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Bibliography: Farmer knowledge and management of crop disease


  • Jeffery Bentley
  • Graham Thiele


Nearly all contemporary people subsist on cultivated plants, most of which are vulnerable to diseases. Yet, there have been few studies of what traditional people know – and do not know – about crop disease. Agricultural scientists in general are becoming aware of the potential contribution of social scientists and farmers in developing integrated management of crop diseases. The International Potato Center (CIP) has focused on stimulating farmer-scientist collaboration in developing management of late blight, a major fungal disease of potatoes and other plants. Understanding farmers' knowledge of this and other plant diseases is an important element in furthering such collaboration. Although not all agricultural scientists recognize the value of social science, this literature search shows that some agricultural scientists now actively collaborate with farmers, in ways that cross the boundary into social science research. During this search, much of the work we found was written by plant pathologists and entomologists. We found over fifty publications on farmer knowledge of crop disease, and we have annotated the material that we thought most relevant to farmer- scientist collaboration for research of crop diseases, especially late blight. Copyright Kluwer Academic Publishers 1999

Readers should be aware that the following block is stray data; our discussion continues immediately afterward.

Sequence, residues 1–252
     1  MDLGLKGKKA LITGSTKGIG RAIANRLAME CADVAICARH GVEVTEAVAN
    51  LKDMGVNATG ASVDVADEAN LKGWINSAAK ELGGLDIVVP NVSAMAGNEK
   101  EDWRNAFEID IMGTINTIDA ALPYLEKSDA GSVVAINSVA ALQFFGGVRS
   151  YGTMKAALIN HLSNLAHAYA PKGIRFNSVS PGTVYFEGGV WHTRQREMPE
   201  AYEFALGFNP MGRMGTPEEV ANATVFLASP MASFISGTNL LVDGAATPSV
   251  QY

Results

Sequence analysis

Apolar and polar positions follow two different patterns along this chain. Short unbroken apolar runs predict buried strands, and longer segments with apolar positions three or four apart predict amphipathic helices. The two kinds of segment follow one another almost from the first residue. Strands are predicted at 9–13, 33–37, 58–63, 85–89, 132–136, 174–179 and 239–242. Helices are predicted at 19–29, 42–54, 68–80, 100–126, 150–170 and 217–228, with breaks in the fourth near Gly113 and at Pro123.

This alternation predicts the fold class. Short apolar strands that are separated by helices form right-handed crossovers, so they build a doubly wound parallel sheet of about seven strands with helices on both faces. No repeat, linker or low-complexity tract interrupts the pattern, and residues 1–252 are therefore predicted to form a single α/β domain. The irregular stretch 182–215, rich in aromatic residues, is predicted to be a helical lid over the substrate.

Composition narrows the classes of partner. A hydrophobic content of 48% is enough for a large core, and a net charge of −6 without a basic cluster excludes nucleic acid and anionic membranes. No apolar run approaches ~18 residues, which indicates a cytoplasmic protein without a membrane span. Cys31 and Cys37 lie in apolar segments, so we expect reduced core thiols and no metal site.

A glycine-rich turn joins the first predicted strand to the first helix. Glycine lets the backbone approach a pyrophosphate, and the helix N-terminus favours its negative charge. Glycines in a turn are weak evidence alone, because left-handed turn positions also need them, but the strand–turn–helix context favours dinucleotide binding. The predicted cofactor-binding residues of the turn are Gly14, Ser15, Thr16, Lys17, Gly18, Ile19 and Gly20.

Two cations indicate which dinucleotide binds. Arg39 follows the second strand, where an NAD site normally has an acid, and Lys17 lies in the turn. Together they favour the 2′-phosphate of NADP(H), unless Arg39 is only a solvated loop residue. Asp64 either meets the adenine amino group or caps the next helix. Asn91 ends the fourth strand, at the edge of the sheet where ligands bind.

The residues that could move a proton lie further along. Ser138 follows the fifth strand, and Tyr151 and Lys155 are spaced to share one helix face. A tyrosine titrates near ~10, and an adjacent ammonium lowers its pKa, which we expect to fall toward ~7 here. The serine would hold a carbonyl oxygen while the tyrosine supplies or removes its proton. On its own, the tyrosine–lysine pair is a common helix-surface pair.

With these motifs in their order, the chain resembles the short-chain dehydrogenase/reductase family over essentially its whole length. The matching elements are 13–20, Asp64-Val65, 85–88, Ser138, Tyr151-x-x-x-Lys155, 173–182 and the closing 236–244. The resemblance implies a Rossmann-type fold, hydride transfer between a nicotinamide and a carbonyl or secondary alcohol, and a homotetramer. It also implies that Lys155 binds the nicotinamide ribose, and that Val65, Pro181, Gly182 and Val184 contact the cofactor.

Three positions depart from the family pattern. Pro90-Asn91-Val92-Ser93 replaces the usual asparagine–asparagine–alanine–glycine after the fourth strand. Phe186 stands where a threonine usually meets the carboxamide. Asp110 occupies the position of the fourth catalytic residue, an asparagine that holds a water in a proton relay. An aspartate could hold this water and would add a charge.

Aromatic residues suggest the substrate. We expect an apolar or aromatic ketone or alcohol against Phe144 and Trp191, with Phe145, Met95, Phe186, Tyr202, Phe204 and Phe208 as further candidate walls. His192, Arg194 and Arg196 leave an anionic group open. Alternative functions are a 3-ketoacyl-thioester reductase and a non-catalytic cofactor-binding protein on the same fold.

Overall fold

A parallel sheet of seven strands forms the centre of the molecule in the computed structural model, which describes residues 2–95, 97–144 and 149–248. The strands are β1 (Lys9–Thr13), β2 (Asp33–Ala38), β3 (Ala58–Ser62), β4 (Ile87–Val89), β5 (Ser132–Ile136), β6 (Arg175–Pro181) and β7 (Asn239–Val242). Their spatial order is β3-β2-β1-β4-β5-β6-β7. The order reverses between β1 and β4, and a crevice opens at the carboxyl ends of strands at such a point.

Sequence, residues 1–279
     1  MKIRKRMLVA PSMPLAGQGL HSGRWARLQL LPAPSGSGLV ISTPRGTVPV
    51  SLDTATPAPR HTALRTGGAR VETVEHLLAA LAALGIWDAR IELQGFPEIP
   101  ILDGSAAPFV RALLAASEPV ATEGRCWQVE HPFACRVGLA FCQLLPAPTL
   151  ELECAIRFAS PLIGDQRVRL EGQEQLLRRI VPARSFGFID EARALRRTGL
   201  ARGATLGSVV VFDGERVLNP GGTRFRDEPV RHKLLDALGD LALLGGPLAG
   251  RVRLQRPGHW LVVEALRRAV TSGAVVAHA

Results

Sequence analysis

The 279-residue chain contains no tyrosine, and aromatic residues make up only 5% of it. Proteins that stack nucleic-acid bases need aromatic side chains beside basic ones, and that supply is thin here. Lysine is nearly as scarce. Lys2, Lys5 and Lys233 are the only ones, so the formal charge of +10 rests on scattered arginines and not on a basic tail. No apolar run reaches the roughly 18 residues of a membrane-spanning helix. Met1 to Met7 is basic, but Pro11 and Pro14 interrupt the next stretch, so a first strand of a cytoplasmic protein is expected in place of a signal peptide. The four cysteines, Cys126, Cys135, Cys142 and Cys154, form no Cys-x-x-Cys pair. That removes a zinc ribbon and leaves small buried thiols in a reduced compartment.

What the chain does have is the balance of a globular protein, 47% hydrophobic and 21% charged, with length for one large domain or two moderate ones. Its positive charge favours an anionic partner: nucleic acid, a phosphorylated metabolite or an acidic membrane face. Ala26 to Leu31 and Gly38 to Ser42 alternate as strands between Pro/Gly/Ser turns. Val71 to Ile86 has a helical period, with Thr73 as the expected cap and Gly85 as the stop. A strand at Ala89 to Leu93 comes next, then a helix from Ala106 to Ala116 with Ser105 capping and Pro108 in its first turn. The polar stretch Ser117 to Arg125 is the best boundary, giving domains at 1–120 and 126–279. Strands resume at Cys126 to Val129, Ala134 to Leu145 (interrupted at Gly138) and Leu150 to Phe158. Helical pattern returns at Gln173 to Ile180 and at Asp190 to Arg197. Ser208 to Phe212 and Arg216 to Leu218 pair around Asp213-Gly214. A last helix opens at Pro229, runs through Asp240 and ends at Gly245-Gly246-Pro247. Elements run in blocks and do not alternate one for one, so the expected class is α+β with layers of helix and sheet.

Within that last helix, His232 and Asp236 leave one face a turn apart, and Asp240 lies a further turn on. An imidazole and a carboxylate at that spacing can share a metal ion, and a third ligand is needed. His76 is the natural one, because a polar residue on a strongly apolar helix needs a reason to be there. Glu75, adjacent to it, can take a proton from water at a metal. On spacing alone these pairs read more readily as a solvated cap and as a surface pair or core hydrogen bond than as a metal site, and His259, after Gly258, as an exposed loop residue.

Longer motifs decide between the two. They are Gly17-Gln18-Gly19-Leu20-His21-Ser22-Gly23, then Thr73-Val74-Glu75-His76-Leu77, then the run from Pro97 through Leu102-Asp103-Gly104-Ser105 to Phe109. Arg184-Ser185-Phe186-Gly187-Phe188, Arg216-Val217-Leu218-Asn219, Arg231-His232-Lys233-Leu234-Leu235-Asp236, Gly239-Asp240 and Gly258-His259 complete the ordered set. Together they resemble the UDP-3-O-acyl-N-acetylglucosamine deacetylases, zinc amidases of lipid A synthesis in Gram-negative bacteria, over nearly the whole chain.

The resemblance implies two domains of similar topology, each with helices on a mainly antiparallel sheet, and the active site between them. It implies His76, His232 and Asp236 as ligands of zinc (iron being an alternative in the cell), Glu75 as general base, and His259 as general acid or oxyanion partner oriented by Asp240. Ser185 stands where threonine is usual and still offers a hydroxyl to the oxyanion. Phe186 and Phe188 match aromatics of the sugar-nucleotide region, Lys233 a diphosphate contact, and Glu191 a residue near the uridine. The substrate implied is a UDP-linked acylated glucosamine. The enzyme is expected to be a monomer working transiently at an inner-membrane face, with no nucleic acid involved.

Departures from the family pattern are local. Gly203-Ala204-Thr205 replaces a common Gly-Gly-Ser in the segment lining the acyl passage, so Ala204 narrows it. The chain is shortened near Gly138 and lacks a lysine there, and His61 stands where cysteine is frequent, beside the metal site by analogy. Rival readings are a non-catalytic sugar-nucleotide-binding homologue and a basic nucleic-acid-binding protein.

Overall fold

Suggested Citation

  • Jeffery Bentley & Graham Thiele, 1999. "Bibliography: Farmer knowledge and management of crop disease," Agriculture and Human Values, Springer;The Agriculture, Food, & Human Values Society (AFHVS), vol. 16(1), pages 75-81, March.
  • Handle: RePEc:spr:agrhuv:v:16:y:1999:i:1:p:75-81
    DOI: 10.1023/A:1007558919244

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    Cited by:

    1. Ayimut Kiros-Meles & Mathew Abang, 2008. "Farmers’ knowledge of crop diseases and control strategies in the Regional State of Tigrai, northern Ethiopia: implications for farmer–researcher collaboration in disease management," Agriculture and Human Values, Springer;The Agriculture, Food, & Human Values Society (AFHVS), vol. 25(3), pages 433-452, September.
    2. Wilson, Clevo & Tisdell, Clem, 2001. "Why farmers continue to use pesticides despite environmental, health and sustainability costs," Ecological Economics, Elsevier, vol. 39(3), pages 449-462, December.
    3. Liu, Elaine M. & Huang, JiKun, 2013. "Risk preferences and pesticide use by cotton farmers in China," Journal of Development Economics, Elsevier, vol. 103(C), pages 202-215.
    4. Angelina Bellamy, 2011. "Weed control practices on Costa Rican coffee farms: is herbicide use necessary for small-scale producers?," Agriculture and Human Values, Springer;The Agriculture, Food, & Human Values Society (AFHVS), vol. 28(2), pages 167-177, June.


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